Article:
Recent trends in nutrition are shifting away from refined foods towards diets that are focused on whole, nutrient dense ingredients. Zucchini noodles, a.k.a. zoodles, are a basic building block recipe. Once you master the simple techniques for getting your zoodles to have a spaghetti-like texture, they can be adapted to almost any pasta dish.
Don’t have a spiralizer? Don’t fret… we have you covered with our guide to making zucchini noodles in a food processor.
Start with the right gear:
Making zucchini noodles with a food processor that has a shredding disc is the secret to getting consistent strands of “pasta” that will cook evenly and have the right texture to stand up to sauce.
PRO TIP: If you try to shred your zucchini with a manual shredder, you will end up with short, flimsy pieces rather than long noodles. They will just turn to mush and disappear into your sauce!
We love this Cuisinart for the job. It comes with the shredding disc that you will need for this recipe (as well as lightning fast homemade slaw, julienned veggies for stir fry, and grated potatoes for crisp hash browns). It also comes with a regular chopping blade, a slicing disc and a dough blade to make home baked breads a one bowl affair.
Instructions for basic zucchini noodles:
Food processor with a shredding disc
Vegetable peeler (peeling is optional)
1-2 small zucchini per person
¼ teaspoon Kosher salt per zucchini
- Select zucchini that are firm to the touch. Smaller gourdes will be more tender and have fewer seeds.
- Wash zucchini in cold water. Peeling is optional, but unpeeled will bring more texture to your dish.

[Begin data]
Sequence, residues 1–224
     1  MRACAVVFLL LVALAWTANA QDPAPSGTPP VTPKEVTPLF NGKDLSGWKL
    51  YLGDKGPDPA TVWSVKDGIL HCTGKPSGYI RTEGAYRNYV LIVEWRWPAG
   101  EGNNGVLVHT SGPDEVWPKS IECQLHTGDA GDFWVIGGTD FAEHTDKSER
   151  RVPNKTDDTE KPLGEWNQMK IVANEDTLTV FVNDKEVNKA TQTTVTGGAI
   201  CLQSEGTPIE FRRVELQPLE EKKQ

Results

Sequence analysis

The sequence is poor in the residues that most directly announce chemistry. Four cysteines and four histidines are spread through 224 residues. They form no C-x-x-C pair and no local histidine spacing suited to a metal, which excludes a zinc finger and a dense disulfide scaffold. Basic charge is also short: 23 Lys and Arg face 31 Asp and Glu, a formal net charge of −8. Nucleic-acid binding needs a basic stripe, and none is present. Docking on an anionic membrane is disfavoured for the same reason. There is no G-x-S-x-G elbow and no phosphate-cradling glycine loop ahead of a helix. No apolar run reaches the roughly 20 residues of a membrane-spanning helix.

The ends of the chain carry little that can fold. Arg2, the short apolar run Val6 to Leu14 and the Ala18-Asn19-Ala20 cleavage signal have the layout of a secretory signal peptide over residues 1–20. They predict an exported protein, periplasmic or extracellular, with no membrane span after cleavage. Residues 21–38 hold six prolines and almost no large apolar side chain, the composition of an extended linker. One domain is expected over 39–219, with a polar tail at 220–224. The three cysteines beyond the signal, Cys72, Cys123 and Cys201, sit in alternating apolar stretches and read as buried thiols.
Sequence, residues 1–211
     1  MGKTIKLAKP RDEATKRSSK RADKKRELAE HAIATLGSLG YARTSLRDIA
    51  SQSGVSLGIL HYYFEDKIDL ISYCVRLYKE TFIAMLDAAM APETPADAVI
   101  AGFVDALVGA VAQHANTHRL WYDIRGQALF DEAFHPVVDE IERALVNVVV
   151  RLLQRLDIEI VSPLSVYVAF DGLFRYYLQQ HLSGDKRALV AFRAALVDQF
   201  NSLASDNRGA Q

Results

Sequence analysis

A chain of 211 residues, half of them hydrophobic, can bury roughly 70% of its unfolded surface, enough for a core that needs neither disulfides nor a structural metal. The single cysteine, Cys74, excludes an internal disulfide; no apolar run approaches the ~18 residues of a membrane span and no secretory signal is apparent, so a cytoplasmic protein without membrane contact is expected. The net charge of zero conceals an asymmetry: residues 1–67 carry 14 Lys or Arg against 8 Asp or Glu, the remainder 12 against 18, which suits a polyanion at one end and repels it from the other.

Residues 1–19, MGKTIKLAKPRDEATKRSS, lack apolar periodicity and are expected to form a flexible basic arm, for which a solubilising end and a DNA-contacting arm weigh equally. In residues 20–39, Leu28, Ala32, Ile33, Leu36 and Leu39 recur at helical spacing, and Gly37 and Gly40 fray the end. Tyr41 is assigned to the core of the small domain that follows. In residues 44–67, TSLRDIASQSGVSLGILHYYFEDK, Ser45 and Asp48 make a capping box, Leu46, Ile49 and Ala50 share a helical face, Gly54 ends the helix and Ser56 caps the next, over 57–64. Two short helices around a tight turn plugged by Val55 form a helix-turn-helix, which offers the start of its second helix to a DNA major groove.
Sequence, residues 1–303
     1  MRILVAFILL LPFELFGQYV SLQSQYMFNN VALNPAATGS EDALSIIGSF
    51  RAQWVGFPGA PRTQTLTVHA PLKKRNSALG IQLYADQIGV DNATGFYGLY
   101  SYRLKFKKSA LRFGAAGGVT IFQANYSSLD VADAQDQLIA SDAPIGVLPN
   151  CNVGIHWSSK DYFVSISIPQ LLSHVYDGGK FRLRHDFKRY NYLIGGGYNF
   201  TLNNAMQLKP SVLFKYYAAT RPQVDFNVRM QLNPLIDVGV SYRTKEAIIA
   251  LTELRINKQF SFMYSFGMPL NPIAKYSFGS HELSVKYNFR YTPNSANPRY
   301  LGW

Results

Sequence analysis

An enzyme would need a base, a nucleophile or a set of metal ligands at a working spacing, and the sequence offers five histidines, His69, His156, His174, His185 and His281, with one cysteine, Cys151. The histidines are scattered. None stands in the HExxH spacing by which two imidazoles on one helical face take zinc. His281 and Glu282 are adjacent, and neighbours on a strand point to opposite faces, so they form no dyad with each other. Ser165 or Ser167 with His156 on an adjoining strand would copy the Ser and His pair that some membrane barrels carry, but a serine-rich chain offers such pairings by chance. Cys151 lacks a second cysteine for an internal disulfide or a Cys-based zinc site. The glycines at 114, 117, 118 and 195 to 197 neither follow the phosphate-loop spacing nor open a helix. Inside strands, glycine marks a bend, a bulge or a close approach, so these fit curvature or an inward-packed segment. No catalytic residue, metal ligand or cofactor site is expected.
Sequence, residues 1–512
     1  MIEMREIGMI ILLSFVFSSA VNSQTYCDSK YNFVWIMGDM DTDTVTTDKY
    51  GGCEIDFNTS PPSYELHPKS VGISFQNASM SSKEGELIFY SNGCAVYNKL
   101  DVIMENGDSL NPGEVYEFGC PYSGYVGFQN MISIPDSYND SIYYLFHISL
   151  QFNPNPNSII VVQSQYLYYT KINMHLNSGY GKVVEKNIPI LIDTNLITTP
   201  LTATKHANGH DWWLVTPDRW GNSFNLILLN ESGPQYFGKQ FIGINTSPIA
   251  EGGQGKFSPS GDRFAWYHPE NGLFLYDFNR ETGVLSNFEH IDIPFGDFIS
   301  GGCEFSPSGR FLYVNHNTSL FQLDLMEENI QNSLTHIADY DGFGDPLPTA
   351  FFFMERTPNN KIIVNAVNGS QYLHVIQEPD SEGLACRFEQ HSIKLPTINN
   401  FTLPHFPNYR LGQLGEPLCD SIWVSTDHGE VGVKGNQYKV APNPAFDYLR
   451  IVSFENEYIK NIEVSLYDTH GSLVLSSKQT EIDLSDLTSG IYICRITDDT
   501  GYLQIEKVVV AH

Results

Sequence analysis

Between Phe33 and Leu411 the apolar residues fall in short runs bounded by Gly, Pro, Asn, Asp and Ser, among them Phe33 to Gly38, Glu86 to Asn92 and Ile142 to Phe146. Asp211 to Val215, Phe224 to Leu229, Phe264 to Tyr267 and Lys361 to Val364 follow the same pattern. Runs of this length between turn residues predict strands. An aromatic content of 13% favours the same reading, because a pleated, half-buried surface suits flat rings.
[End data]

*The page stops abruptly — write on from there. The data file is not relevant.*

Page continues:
- Trim the ends, slice in half lengthwise, and use a spoon to scoop out the seeds
- Cut in lengths just long enough to fit lengthwise into the feeding tube of your food processor.
- Stack zucchini pieces into the feeding tube. It is okay if they are tight, but be sure the safety lock on the tube can snap into place.
- Using the safety plunger, press down to shred. Repeat until all of your zucchini is processed, leaving the zoodles to collect in the bowl.
- Pour zucchini in a colander in the sink and carefully toss with the salt. Allow to sit for 30 minutes to an hour.
- Bring the water to a boil and drop shredded zucchini in for 45 seconds.
- Drain zucchini for a few seconds then immediately submerge in icy water. This method, known as blanching, will give your zoodles a bright color and keep them from getting soggy when heated in your sauce.
Variations on a theme:
You now have the raw materials ready for the limitless possibilities of hot or cold zoodle dishes. Plus, once prepared as instructed, your zucchini noodles will store in the fridge for 3 days, or in the freezer for up to 3 months.
Hot Zoodle Inspirations:
- Simple Pleasures: Toss cold zucchini noodles in a non-stick sauté pan with some extra virgin olive oil, fresh grated parmesan cheese, and salt and pepper to taste.
- Marinara: Reheat your zoodles in a light marinara sauce and top with parmesan cheese.
- Seafood: Sauté peeled shrimp in some olive oil, minced garlic, and a pinch of red pepper flakes until almost cooked. Add zoodles and cook until heated through.
- Zucchini Au Gratin: Toss zoodles with melted butter, flour, and shredded cheese. Place in a buttered casserole dish. Add whole milk until the level just covers your zoodles. Bake uncovered at 350°F for 30 minutes, or until golden brown and thickened.
Cold Zoodle Inspirations:
- Caprese Salad: Toss chilled zucchini noodles with olive oil, fresh minced garlic, diced ripe tomatoes, and plenty of chopped fresh basil.
- Cold Asian Peanut Noodles: Make a light peanut sauce with peanut butter, toasted sesame oil, and a dash of soy sauce and rice vinegar. Gently mix with your chilled zoodles and top with crushed peanuts, sesame seeds and chopped green onion.
- Mediterranean: Toss your cool zucchini noodles with crisp cucumber, tomato, creamy feta cheese, toasted pine nuts, savory olives, red onion, fresh oregano, parsley, and/or marinated artichoke hearts. Dress lightly with extra virgin olive oil and balsamic vinegar.
You might want to consider getting a Spiralizer as it will make your job 10 times easier. I recommend the Brieftons, which is the model I use at home.
If you haven’t seen it, be sure to read our article on 7 ways to make zucchini noodles without a spiralizer.